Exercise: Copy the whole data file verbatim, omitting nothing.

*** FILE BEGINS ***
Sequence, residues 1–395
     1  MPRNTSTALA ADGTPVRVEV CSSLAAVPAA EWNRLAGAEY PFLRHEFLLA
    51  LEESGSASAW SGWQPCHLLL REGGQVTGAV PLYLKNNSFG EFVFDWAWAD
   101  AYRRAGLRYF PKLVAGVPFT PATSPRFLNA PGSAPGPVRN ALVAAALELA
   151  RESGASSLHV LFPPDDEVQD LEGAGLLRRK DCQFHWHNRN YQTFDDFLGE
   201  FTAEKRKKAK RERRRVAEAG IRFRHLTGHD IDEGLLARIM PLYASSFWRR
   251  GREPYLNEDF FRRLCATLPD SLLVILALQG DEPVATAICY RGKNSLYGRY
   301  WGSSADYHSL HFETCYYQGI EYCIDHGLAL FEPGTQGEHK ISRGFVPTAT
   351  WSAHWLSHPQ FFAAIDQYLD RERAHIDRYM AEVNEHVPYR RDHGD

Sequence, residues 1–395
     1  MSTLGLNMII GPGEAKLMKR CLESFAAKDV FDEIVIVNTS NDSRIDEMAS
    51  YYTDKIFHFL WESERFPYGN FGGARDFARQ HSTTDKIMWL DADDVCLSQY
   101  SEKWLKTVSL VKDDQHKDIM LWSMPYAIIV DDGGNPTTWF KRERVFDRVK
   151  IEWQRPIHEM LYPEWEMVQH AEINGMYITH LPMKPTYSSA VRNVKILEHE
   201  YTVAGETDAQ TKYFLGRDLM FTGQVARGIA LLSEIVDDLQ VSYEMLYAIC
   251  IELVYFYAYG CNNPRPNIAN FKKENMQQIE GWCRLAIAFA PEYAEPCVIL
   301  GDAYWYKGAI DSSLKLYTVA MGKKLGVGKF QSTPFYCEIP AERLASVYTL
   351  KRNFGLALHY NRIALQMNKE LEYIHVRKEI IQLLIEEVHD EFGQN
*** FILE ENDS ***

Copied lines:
Sequence, residues 1–395
     1  MPRNTSTALA ADGTPVRVEV CSSLAAVPAA EWNRLAGAEY PFLRHEFLLA
    51  LEESGSASAW SGWQPCHLLL REGGQVTGAV PLYLKNNSFG EFVFDWAWAD
   101  AYRRAGLRYF PKLVAGVPFT PATSPRFLNA PGSAPGPVRN ALVAAALELA
   151  RESGASSLHV LFPPDDEVQD LEGAGLLRRK DCQFHWHNRN YQTFDDFLGE
   201  FTAEKRKKAK RERRRVAEAG IRFRHLTGHD IDEGLLARIM PLYASSFWRR
   251  GREPYLNEDF FRRLCATLPD SLLVILALQG DEPVATAICY RGKNSLYGRY
   301  WGSSADYHSL HFETCYYQGI EYCIDHGLAL FEPGTQGEHK ISRGFVPTAT
   351  WSAHWLSHPQ FFAAIDQYLD RERAHIDRYM AEVNEHVPYR RDHGD

Sequence, residues 1–395
     1  MSTLGLNMII GPGEAKLMKR CLESFAAKDV FDEIVIVNTS NDSRIDEMAS
    51  YYTDKIFHFL WESERFPYGN FGGARDFARQ HSTTDKIMWL DADDVCLSQY
   101  SEKWLKTVSL VKDDQHKDIM LWSMPYAIIV DDGGNPTTWF KRERVFDRVK
   151  IEWQRPIHEM LYPEWEMVQH AEINGMYITH LPMKPTYSSA VRNVKILEHE
   201  YTVAGETDAQ TKYFLGRDLM FTGQVARGIA LLSEIVDDLQ VSYEMLYAIC
   251  IELVYFYAYG CNNPRPNIAN FKKENMQQIE GWCRLAIAFA PEYAEPCVIL
   301  GDAYWYKGAI DSSLKLYTVA MGKKLGVGKF QSTPFYCEIP AERLASVYTL
   351  KRNFGLALHY NRIALQMNKE LEYIHVRKEI IQLLIEEVHD EFGQN